13. Thank you so much for this, I didn’t really understand the technical part but it seems that old design will overheat and have flicker problems, if am getting things correctly

    Here I have a problem with new design, which is that non of lamb terminals is connected directly to AC source, while in normal home, 1 terminal is connected directly to Neutral line through wall and other terminal is accessible through switch. I mean I can only access 1 lamb terminal in home and thus can’t apply modification you suggest. Is there any other design that will work without flickering or overheating and still solve this problem? Thank you so much.

  14. Hi, thank you so much for this

    May I ask if there is any circuit that works with no problem and still uses only 1 terminal of lamb while other is connected to AC source directly? In normal home application, 1 lamb terminal is already connected to Neutral line through wall and it is not accessible easily (at least not in where I live), while we can only access the other terminal through lamb switch in wall, what is the solution for this? Thanks in advance.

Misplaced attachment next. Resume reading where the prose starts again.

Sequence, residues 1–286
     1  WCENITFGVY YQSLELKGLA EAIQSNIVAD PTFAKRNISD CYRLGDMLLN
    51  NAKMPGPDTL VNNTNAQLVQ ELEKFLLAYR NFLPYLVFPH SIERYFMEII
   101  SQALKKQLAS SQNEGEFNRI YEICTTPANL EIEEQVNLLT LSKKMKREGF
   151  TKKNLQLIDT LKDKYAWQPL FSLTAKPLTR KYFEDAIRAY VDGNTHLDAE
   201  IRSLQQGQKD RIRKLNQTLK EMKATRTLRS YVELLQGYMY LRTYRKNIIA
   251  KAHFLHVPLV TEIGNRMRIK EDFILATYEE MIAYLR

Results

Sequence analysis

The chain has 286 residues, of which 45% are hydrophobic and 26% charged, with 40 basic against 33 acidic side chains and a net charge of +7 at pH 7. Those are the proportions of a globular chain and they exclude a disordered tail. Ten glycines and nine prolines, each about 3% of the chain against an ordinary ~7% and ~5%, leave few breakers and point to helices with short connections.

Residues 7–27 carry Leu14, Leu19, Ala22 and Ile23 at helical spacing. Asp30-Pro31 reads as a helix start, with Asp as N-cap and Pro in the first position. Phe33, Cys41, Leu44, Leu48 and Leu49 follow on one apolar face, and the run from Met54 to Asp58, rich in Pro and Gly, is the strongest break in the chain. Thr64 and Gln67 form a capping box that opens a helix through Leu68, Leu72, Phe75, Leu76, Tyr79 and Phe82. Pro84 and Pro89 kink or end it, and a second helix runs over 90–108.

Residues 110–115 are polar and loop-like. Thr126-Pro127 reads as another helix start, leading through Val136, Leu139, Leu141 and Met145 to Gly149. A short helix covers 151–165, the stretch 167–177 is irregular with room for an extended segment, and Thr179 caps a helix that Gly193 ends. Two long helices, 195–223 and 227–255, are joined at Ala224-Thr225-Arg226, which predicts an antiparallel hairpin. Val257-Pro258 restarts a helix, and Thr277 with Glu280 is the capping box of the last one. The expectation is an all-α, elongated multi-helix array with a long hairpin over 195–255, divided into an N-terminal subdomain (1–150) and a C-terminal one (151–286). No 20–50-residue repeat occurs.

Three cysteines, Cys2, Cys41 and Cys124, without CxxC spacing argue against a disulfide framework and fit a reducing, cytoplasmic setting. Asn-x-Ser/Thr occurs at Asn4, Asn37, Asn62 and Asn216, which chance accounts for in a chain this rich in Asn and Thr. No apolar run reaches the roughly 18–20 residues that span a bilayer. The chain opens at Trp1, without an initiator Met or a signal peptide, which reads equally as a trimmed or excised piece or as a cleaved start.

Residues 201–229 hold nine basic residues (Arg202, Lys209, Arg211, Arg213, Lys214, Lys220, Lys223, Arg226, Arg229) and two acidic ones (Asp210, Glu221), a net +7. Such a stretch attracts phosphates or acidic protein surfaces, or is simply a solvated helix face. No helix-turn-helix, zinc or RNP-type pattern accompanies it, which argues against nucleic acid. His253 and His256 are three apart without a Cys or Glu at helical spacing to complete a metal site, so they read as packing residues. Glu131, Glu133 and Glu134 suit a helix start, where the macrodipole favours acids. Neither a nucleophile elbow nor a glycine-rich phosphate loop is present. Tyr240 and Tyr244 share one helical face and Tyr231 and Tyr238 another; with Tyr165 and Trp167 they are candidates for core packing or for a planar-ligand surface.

1. the traditional TRIAC dimmer is in fact in series with the lamp and uses two wires. In fact it can replace a switch

      1. The traditional TRIAC dimmer circuit doesn’t work well with me, I tried it on an arduino and it works great, then I tried it on ESP8266 module but lamb keeps flickering every few seconds, I chased software and found out that each time ESP detects zero cross and tries to fire an interrupt it takes some time, maybe because it tries to handle WIFI connection via interrupts also and this makes GPIO interrupt delayed to a number between 10 – 200 uS, I believe this (somehow random) delay makes lamb flicker!
        Using an arduino beside ESP module takes a lot of size that is not available inside wall in switches box, and WIFI connection is needed by default